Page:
Today I will discuss the rescuer’sdutyofcare,whichwillinvolveananalysisofthe legalconceptofdutyofcare and accompanyingideassuchas thestandardofcare. I will also talk about the duty of care that is owed to a rescuer.
Forourpurposestoday,theterm ‘rescuers’ispotentiallyconfusingasthelawtalks aboutrescuersmorebroadlythantheonecontextoftrainedlifesavers, lifeguards or firstaiders. Rescuers,as farasthelawisconcerned,arepeoplewhorenderassistance toaperson introubleandthatmaybeinanynumberofcircumstances. Toaddmore complexity,Australian lawdistinguishesbetweenrescuersvolunteering for a communityorganisationandrescuersoftheGoodSamaritanvariety. Thatleavesa third category, namely, that of ‘professional’ rescuers – persons engaged by certain organisations, to perform the role of rescuer.
Thelawofnegligenceimposesadutyonusall totakecaresoastoavoidinjury,loss ordamagetoanother. LordAtkinoftheHouseofLordsdescribedthisdutyinthe seminal case of Donoghue v Stevenson, and I quote: Youmusttakereasonablecaretoavoidactsoromissionswhichyoucan reasonable forsee would be likely to injure your neighbour.1
*I would like toacknowledge theresearchand drafting assistance provided by my Associate, Ms Anna
1Donoghue vStevenson AC562 at 580.
With that knowledge, a common question arises, inquiring whether thereisadutyto rescue. Doesthepasser-bywhohearsacallofdistressemanatingfrom aburning buildinghavealegaldutytodowhatthey cantorenderassistanceorrescuethosein trouble?
A DUTY TO RESCUE?
To quote Lord Nicholls of the House of Lords:
…the bystander does not owe the drowning child or the heedless pedestrian a duty to take steps to save him. Something more is required than being a bystander. There must be some additional reason why it is fair and reasonablethatonepersonshouldberegarded ashisbrother’skeeperand have legal obligations in that regard.2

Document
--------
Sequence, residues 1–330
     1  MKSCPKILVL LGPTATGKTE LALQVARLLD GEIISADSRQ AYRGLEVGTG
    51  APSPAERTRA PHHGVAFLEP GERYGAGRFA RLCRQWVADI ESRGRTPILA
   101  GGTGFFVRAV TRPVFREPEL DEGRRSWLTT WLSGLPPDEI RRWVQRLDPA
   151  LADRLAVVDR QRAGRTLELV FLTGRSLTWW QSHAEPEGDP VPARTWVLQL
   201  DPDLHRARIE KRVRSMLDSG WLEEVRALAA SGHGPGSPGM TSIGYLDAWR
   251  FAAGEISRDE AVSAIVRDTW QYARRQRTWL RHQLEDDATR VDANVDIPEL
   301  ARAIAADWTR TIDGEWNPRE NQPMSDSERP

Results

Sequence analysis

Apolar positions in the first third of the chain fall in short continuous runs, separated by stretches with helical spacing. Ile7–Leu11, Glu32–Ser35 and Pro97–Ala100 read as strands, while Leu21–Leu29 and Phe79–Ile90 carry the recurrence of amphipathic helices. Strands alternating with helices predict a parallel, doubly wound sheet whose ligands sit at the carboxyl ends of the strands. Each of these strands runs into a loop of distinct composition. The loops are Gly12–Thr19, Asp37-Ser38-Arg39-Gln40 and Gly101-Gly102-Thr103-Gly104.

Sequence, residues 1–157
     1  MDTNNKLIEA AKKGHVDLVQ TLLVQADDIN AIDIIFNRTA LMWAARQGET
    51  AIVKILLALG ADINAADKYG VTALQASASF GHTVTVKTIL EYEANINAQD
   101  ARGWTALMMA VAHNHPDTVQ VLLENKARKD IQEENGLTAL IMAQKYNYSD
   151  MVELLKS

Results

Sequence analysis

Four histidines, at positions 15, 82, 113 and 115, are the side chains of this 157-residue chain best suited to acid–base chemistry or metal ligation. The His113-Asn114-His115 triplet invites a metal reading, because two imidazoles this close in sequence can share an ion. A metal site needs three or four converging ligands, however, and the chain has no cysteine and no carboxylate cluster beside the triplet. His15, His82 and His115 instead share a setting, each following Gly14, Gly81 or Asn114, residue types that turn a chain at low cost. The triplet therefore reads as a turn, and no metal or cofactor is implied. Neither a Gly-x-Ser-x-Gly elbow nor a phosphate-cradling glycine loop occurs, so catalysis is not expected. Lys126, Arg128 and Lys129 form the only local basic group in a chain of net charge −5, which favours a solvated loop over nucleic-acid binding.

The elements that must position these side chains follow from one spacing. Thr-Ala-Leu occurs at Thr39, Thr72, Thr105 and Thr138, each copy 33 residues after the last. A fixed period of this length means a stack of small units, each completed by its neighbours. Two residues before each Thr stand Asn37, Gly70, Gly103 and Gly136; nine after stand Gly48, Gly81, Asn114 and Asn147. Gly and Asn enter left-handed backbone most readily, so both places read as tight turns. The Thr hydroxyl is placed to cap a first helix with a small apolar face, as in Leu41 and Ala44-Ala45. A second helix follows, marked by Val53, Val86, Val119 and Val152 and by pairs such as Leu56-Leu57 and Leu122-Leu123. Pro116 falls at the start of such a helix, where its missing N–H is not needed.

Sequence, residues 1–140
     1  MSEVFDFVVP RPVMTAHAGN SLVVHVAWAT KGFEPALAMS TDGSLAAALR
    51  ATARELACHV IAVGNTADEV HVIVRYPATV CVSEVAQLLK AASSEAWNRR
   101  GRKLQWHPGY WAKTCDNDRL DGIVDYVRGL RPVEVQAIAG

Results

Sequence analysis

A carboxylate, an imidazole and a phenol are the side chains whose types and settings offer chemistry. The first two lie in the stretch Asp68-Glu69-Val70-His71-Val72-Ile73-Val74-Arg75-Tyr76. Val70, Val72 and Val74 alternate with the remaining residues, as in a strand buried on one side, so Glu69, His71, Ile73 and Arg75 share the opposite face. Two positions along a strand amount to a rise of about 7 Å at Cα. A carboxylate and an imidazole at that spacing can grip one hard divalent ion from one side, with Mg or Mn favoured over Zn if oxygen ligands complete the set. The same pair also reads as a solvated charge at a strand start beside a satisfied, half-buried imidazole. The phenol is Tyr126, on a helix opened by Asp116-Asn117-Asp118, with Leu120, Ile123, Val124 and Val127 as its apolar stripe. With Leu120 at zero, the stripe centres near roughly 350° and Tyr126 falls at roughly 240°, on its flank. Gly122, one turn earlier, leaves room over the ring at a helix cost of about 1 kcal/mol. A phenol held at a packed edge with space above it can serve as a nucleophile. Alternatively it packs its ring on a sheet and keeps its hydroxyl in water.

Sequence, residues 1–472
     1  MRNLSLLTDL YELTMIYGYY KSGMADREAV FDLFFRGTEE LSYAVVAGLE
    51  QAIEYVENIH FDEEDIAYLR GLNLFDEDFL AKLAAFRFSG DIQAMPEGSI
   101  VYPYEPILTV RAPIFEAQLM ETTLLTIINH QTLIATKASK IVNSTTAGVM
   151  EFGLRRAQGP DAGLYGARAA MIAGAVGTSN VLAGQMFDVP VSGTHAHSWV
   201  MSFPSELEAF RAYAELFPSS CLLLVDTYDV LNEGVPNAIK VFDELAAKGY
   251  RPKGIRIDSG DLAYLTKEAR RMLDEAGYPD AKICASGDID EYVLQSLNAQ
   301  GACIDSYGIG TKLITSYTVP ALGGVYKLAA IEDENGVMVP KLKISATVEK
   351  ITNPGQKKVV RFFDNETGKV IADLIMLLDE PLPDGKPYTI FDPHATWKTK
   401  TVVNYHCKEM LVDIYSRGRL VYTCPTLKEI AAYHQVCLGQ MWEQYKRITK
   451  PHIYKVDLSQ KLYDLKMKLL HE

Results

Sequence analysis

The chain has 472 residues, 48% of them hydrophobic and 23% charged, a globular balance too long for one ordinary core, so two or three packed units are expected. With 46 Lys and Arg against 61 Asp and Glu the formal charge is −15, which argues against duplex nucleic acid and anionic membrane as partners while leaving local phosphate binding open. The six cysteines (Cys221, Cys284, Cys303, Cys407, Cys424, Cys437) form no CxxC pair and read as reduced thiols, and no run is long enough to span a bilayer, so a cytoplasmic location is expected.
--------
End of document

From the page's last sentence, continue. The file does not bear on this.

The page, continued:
Under the common law, there is no duty onthe ordinary citizen to rescue another citizen.3 Theremaywellbeamoraldutyorasocialexpectationtogotoanother’s aid, however there is no legal duty to rescue. The law ‘casts no duty upon a man to go to the aid of another who is in peril or distress, not caused by him’.4
This last point indicates the first of two exceptions to the general rule; namely, there is adutytorescuewherethedangeris createdbytherescuerthemselves.5 Forexample, amotoristwhosecaris brokendownandunlitonaroadway,owesadutyof careto other motorists and should remove the hazard or warn of its presence.6 Secondly,adutytorescuemayarisefrom therelationshipthatexistsbetweenthe rescuerand theendangered.7 Thatrelationshipischaracterisedbytrustand responsibilityandresultsin adutytoactincertaincircumstances. Commonexamples